That the medium is the message when it comes to storytelling emphasizes that the vehicle is more important than its passengers. But how we cultivate people to become empathetic to our cause is significant to social transformation.
During the last election campaign, the urgency to reach different publics required creative ways of transmission and communication. For instance, the production of comics was a popular strategic tool to help highlight crucial points regarding the candidates. At the height of the sorties, the few that I came across were about Leni Robredo (Leni: Mula’t Mula Pa, May Tugon sa Pandemya and Servant Leader) and Isko Domagoso (Iskomiks!).
The sequential visual narrative of comics is digestible and understandable, more than text-heavy pamphlets, even if, materially, both can be cheaply produced. Active volunteers in the house-to-house campaign shared with me how they experienced better engagement with the people they wished to interact with when they distributed comics. Directly discussing burning issues with strangers could not be fruitful and easy if there was nothing to casually ease them into conversations. Of course, the more immersed community workers have long included text and visual aids in their dialogues: The debate on the Rice Liberalization Law, for one, actually gets less complicated in comics format.
Philippine comics isn’t a new mode of communication. It has been around since the 1920s as part of our culturally inherited hand-me-downs from the Americans. Throughout the century, comics were among the tools used to engage with the general populace. Our (great) grandparents were probably first introduced to comics through Tony Velasquez’s character, Francisco “Kenkoy” Harabas. Compared to today’s contemporary setting, the commitment to binge-watch television episodes now is perhaps equal to the older-generation readers’ drive to keep track of how Kenkoy (humorously, frustratingly, or sadly?) navigated the everyday under the American colonial period.
In our conversations, writer/artist, teacher and publisher Adam David spoke of studies that the US Army had initially used comics as a technique to spread information and propaganda to people who didn’t speak English. Because, he said, “even [so-called] illiterates can read images.” It was also during my time in grad school when research on art and the Cold War surfaced, indicating that creative work has been used as a cultural weapon (Google abstract expressionism and its links to the CIA).
The Philippines stuck with the term “comics” and adapted to it with only a spelling change: “komiks.” But overseas, the Mexican word for comic books is “historietas,” which literally translates to “little stories.” The Spanish phrasing does away with the belief that such a genre is all about being funny, hilarious or amusing, as the English word “comic” implies. Often, these komiks and historietas are pocket tales of regular people with seemingly regular and “normal” lives.
The way comics have been part of our lives also varies from person to person. Some friends tell me of how they spent their childhood summers renting a series of komiks for a few pesos from the local sari-sari store. After reading (and before returning them to the store), they traded the komiks with their neighbors, who also rented another set. To make it worth their while: “Para sulit bayad,” they said. With the sari-sari store serving as a hybrid neighborhood public library, reading komiks as entertainment back then was what the current attachment to online gadgets is today.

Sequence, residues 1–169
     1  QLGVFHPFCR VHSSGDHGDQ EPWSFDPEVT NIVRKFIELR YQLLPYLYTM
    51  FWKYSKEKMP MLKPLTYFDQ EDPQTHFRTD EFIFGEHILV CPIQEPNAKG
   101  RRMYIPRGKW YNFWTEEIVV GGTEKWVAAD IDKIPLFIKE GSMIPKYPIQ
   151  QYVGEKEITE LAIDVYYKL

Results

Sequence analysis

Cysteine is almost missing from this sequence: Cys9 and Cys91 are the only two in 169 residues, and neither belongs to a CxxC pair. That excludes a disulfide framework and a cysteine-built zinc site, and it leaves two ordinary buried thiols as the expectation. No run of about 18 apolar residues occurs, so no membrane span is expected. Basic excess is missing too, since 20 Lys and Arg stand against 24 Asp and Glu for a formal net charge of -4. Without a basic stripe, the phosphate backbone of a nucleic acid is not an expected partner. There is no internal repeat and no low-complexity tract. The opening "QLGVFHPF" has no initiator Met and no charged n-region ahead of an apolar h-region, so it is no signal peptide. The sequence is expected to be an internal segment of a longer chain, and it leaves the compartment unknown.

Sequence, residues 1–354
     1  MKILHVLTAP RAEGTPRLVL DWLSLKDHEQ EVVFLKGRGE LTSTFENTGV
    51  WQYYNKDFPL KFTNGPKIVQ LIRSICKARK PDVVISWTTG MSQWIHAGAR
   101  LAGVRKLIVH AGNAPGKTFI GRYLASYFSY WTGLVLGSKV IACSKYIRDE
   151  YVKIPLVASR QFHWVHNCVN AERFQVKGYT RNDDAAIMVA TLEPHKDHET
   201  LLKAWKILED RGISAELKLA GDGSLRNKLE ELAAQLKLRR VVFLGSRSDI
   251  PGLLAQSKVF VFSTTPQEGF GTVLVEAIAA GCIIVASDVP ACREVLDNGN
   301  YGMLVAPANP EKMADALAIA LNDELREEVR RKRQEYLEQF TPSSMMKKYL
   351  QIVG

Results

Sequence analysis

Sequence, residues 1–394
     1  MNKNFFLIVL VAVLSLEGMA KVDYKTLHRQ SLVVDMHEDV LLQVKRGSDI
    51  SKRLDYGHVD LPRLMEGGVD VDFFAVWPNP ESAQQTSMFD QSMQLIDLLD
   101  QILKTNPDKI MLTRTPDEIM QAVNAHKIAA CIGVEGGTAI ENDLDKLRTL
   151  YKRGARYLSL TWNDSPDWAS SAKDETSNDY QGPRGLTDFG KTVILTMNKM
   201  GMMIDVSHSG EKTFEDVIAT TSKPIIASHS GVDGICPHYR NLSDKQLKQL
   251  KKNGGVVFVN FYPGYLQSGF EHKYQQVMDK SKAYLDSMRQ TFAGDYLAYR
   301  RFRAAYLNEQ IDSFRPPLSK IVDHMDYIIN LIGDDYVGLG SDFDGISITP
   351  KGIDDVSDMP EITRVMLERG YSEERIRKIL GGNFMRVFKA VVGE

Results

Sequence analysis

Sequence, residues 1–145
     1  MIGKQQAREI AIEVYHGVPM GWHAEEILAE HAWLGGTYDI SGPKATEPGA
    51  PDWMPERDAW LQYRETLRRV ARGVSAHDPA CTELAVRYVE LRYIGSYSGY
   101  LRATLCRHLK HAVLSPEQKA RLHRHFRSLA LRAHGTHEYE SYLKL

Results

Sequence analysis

Growing up, I got my very limited supply of comics from commercial bookstores, or by way of older distant relatives randomly giving me one or two from a series—which means I was never able to read a complete set. There were, though, the full-page comics in newspapers such as the Manila Bulletin (the comic strips Nancy and Cesar Asar were favorites, and so was Calvin and Hobbes which was syndicated in Philippine Star). The Sunday specials of the Philippine Daily Inquirer also came with the hodgepodge of local and foreign comic strips.
Later, in my young adult life, the specialty shops for comic books in the old Greenhills Shopping Center and on Katipunan Avenue became my place to window-shop because I was a student without wages and I wasn’t always able to afford what they were selling anyway—the glossy and pricey kind. So, even the desire and motivation to “collect” and even aspire to be a comic book pedant (or geek) did not prosper.
And by then, a younger breed of artists and writers (some of whom were my university schoolmates) were being introduced to the market, with the likes of Filipino-American Whilce Portacio coming into the country to import the artists that would be cogs in the wheel manufacturing American comics.
When the Vertigo comics Sandman, in its drama series iteration, was (re)popularized almost 30 years later because of Netflix, a flood of memories of how one read them back in the 1990s pointed yet again to notions of personal access. Obviously, the politics of being able to read the original print format is also connected to one’s existing (or lack of) economic flexibility. In this case, my gateway to such pieces was the generosity and mercy of friends who had more buying power, and who didn’t mind me actually getting my fingerprints on such collectibles. Next to Sandman (including its special editions), there was also the risqué Japanese manga such as Crying Freeman to borrow.
After straying from reading mainstream comics for many years due to my dwindling interest in the published stories, I regained my curiosity when, in my foray into acquiring knowledge about historical events, I truly became more empathetic to the research data by reading the comic books’ cousin—the graphic novel (the stand-alone and much longer in sequential art format).